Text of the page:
The best "overall" compression I've ever seen has been about 1.5:1. That is,
a file that was 3 MB in size now is only 2 MB. Sure, I've seen better (and
worse), but on average, for the contents of a typical hard disk, compression
probably will be somewhere around 1.5:1. At least that's been my experience.
Please don't ask me to actually define "typical"...

Even PKZIP's EXTRA compression ("-ex") doesn't do much (if any) better than
it's standard compression option. But, the EXTRA compression can take
several times longer for only  a few % difference in .ZIP size from standard
compression. You gotta be really desperate to want to use the EXTRA

But that's way beside my point, and not beside my point. The thrust of my
argument is this: networks are slower than CPUs and hard disks. Somewhat
compressing the data (and not sacrificing the streaming of data to the
server) before sending it across a relatively slow link (even 100 Mb is
relatively slow compared to hard disk transfers) will almost assuredly
provide performance improvements. Fantastic compression is not required at
the workstation - just something.

I suppose that because the data stream were already slightly compressed, the
tape drive's hardware could possibly do very little or no compression. I
suppose also that as an alternative to shipping the compressed data stream
to the tape drive, the server could take the compressed data stream,
decompress it, then send it to the tape drive for the more traditional whack
at compression. My servers have gobs of CPU cycles just waiting to be put to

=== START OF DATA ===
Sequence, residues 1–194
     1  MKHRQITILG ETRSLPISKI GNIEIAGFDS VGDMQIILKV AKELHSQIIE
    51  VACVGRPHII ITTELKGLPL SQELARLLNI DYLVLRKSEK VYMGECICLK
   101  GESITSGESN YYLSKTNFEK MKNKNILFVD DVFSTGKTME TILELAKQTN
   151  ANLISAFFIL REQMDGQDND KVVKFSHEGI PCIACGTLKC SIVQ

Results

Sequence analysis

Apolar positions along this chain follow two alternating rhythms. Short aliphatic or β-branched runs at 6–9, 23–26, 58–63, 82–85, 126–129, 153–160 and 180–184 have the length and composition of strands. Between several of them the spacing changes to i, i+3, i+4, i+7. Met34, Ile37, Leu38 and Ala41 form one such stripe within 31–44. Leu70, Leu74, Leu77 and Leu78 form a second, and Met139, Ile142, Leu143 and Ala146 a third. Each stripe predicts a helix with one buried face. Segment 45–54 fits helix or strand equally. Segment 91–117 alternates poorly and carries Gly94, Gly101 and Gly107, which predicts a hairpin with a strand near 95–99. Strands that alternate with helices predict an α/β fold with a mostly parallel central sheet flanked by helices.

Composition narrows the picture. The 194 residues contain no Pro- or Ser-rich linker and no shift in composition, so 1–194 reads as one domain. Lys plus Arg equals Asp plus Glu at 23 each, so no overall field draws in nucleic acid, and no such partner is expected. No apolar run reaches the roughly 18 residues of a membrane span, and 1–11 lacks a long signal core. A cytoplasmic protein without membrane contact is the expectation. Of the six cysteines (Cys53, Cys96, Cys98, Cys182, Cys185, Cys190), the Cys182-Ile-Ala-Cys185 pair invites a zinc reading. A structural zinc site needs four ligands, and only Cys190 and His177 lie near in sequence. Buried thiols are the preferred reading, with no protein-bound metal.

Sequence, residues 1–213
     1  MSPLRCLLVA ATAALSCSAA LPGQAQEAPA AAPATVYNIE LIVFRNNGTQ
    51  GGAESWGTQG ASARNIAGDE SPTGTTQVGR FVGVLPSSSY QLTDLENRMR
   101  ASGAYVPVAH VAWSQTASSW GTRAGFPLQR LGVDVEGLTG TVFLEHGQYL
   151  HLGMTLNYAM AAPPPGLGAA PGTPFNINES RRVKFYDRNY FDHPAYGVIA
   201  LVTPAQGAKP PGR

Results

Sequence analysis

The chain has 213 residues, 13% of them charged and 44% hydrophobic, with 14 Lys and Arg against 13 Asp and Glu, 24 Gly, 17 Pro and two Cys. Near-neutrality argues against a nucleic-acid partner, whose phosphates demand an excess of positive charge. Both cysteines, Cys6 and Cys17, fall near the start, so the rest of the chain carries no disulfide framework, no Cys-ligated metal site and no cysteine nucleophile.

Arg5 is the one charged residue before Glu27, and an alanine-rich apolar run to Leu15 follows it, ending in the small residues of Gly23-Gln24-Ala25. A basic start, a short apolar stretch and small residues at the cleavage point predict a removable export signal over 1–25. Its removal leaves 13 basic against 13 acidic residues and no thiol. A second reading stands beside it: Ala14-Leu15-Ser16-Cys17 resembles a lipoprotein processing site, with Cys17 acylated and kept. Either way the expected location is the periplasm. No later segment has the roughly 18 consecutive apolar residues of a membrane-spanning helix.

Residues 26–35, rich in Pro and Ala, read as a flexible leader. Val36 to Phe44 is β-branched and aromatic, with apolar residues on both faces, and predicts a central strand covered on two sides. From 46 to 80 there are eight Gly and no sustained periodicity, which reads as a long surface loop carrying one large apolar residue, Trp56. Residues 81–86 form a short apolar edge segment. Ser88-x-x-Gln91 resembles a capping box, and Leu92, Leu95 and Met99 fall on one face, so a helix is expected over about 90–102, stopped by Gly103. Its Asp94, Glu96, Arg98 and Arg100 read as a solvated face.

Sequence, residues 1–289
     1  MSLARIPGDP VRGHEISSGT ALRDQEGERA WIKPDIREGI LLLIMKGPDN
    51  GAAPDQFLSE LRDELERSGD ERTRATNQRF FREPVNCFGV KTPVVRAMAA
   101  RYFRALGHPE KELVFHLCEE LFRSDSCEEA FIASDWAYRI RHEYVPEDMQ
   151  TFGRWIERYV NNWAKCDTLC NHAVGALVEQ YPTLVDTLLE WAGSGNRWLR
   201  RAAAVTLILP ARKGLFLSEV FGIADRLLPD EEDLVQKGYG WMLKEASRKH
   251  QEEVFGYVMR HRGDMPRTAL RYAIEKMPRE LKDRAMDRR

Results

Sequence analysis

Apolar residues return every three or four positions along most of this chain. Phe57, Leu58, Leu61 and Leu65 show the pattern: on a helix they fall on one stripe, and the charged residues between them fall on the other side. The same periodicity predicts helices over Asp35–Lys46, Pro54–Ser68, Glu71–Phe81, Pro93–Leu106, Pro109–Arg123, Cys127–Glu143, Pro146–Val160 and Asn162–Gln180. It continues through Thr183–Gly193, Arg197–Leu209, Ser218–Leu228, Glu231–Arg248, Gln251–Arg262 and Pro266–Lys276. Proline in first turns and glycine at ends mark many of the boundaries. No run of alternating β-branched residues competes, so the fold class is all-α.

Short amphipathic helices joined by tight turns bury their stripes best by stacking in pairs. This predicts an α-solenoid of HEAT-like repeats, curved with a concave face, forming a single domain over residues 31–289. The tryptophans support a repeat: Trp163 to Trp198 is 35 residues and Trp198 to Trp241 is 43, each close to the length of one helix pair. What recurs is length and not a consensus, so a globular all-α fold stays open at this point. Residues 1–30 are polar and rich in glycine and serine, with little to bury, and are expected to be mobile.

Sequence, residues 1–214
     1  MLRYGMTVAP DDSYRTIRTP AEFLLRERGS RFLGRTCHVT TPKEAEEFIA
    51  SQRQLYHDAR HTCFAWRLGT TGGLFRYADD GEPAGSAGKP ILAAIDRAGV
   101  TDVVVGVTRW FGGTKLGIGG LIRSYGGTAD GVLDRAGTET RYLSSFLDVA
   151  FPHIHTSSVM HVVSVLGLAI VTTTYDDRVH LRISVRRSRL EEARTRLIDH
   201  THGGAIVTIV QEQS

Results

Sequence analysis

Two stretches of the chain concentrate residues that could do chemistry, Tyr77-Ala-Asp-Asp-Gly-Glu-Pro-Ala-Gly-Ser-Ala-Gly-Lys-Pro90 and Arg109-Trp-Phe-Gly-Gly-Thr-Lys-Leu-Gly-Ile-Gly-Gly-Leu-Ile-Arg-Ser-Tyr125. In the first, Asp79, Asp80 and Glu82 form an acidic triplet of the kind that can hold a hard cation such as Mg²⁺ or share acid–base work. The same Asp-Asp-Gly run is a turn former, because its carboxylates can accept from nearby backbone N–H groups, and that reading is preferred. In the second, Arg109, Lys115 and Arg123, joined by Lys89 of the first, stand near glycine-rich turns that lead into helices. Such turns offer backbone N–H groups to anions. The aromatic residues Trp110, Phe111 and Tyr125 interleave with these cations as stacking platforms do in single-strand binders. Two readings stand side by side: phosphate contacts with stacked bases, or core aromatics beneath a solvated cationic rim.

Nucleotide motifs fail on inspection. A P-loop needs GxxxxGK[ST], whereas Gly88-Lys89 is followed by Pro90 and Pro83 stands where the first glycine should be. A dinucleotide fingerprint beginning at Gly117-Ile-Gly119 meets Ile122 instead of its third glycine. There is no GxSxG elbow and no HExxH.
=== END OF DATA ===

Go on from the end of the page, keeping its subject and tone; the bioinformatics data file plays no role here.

good use.

I'm sure Dantz could work out the details.


-----Original Message-----
From: matt barkdull [mailto:[EMAIL PROTECTED]]
Sent: Monday, February 26, 2001 12:52 PM
To: retro-talk
Subject: RE: Transfer Rates - Dantz Help?

A month or so ago I wrote a rant about how Dantz should work with 
Alladin and come up with a better compression scheme.

I know that the on-fly compression is difficult to maintain speed, 
but it seems like better than 2:1 should be possible.  I'm not much 
of a wiz at all with compression, however I see modems getting 
v.42bis (4:1) on the fly, it seems like a little work and this should 
be possible for client and server as well.

Yes, I know that advertised and what you really get are totally 
different, but all I know is that if something is advertised at 4:1, 
it will be more likely to get at least 2:1 that 2:1 is likely to.

Alladin is cross platform.  Dantz covers the same platforms.

Yes, most people use hardware compression, but this is mostly because 
the hardware and software compression are likely to get the same 

Why would anyone want to write their own compression?  I mean, a 
license deal from Alladin, who's been doing it since the early days 
of Mac, would seem like it would be far more cost effective.

>It'd be really cool if the clients would compress the data before shipping
>it off to the (slow) network. I think we'd see better backup rates,
>especially since compression is so fast on today's computers.
>It wouldn't have to be much compression - kinda like PKZIP's "-ef" or "-es"
>switch (for FAST or SUPERFAST compression). Even a meager 10% compression
>would be a significant improvement.
>Decompressing at the server would be optional (Perhaps necessary to provide
>backward compatibility with restores to older clients that don't know what
>compression is. Then again the server would know the version of the client
>and whether the client supports compression.). I'd prefer optional, and let
>the tape drive hardware compression further compress the data if possible.
>Of course I'll leave the implementation details to Dantz. ;-)

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